The idea of using genetic editing techniques to modify its DNA before the baby was born has been controversial for years. According to the US Fun Science website, a recent poll showed that most people support the use of genetic editing technology to treat serious genetic diseases in infants or to avoid similar risks, but believe that using this technology to improve the intelligence of future generations “goes too far “.
A survey of 2,537 American adults conducted by the Pew Research Center showed that 76% of people believe that changing the genetic characteristics of unborn fetuses is a proper application of medical technology to treat serious illnesses that may occur in the birth of a baby; 60% Support the use of genetic editing techniques to reduce the risk of serious illness in an infant’s life. As for using this technology to make babies smarter, only 19% think it is appropriate, and 80% of respondents believe that this will make this technology too far.
With the development of technology, genetic editing of infants is getting closer to reality. CRISPR technology enables scientists to precisely cut and insert DNA fragments. In 2017, American scientists announced that they used CRISPR to edit genes in human embryos to correct mutations that cause heart defects.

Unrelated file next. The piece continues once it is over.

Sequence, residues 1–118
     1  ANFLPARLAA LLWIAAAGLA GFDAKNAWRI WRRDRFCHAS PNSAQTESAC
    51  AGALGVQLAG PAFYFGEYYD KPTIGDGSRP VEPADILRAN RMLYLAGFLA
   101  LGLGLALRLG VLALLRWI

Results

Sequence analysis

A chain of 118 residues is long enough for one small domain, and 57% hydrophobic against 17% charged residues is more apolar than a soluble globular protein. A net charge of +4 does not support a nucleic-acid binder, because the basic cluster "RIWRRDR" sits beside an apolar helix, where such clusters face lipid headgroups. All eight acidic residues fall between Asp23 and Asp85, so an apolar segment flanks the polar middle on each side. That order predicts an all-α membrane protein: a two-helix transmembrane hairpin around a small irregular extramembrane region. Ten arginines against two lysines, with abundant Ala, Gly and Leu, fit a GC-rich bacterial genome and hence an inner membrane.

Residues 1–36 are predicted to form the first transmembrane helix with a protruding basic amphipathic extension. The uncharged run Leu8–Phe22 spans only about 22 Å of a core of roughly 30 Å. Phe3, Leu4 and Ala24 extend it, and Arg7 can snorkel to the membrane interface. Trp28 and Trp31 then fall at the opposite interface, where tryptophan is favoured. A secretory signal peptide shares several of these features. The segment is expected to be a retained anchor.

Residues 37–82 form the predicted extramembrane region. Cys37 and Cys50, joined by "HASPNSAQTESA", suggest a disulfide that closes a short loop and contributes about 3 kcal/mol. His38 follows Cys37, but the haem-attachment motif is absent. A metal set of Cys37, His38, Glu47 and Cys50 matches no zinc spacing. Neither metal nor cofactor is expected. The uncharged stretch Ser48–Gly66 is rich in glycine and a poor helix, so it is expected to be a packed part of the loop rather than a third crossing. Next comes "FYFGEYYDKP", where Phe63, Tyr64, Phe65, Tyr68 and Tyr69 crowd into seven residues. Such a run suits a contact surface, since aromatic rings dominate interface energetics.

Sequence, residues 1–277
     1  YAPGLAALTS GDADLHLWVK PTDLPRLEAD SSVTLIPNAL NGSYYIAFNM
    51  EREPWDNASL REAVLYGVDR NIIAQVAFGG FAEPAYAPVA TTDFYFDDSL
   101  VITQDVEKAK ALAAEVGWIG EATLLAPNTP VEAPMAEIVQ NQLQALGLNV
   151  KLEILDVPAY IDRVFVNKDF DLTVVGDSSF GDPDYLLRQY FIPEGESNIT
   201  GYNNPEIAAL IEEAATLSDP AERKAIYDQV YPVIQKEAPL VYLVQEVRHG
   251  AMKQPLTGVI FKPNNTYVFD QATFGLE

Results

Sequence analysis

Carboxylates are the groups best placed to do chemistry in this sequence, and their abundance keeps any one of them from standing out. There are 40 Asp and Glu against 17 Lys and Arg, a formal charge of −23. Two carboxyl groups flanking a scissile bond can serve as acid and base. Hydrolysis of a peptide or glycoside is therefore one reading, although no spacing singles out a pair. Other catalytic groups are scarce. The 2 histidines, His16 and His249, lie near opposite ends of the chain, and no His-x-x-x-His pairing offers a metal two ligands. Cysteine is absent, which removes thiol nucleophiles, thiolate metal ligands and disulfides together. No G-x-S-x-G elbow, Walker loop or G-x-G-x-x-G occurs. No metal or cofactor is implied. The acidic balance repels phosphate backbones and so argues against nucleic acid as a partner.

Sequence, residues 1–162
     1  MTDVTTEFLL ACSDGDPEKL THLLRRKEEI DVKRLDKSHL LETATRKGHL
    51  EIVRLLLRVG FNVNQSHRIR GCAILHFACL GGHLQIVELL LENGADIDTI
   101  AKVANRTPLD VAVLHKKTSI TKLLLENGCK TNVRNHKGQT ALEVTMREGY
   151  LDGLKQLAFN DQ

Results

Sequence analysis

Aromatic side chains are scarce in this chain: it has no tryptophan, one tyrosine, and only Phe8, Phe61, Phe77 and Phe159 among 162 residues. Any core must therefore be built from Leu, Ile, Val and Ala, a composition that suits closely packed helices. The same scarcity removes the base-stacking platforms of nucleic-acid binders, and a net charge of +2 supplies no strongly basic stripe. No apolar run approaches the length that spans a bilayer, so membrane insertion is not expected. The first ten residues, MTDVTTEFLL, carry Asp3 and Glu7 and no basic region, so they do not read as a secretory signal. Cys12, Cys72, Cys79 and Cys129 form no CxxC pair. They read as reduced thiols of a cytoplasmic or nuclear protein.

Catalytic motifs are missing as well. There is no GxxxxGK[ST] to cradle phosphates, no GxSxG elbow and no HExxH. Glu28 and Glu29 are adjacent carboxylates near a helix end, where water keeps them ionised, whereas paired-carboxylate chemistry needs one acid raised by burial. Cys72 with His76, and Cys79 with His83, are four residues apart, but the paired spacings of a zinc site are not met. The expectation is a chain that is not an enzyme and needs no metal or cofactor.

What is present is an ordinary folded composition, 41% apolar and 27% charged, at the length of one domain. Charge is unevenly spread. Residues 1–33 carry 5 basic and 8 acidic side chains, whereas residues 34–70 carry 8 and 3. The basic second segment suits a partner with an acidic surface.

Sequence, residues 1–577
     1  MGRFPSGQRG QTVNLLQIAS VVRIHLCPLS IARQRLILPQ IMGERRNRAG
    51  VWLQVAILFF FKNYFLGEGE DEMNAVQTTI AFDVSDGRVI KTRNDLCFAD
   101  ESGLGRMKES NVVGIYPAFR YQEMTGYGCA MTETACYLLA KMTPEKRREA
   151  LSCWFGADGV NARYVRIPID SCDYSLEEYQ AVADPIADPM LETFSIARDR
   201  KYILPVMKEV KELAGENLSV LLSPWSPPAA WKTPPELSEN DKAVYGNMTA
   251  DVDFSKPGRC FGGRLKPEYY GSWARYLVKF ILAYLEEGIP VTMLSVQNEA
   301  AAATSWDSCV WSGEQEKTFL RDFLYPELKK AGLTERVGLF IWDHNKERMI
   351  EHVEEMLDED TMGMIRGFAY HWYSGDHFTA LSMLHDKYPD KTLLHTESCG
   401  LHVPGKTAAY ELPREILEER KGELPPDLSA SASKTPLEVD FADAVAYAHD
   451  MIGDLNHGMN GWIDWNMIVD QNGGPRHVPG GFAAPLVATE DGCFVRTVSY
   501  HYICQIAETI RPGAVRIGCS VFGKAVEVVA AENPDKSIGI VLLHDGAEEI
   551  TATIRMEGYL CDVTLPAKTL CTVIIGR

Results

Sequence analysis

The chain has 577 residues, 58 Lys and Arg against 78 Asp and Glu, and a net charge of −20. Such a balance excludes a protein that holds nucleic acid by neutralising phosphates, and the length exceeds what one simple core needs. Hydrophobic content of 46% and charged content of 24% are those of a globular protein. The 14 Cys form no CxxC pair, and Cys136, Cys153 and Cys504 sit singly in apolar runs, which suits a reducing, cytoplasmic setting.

Despite this, there are still many safety and ethical issues in the editing of the human genome that remain to be explored. According to the New York Times, the US Food and Drug Administration (FDA) currently does not allow clinical trials involving editing lines or genetic alterations.
The survey also showed that 65% of people oppose testing genetic editing techniques on human embryos; only 33% believe that it is appropriate to test this technique on human embryos in order to develop gene editing techniques.
In addition, nearly 60% believe that genetic editing is “very likely” to cause inequality, because the technology is only affordable for the rich; 54% said, “although in some cases, the use of genetic editing techniques is reasonable. However, some aspects are morally unacceptable; only 18% of respondents said that the development of genetic editing technology is likely to “pave the way for medical advancement in society as a whole”.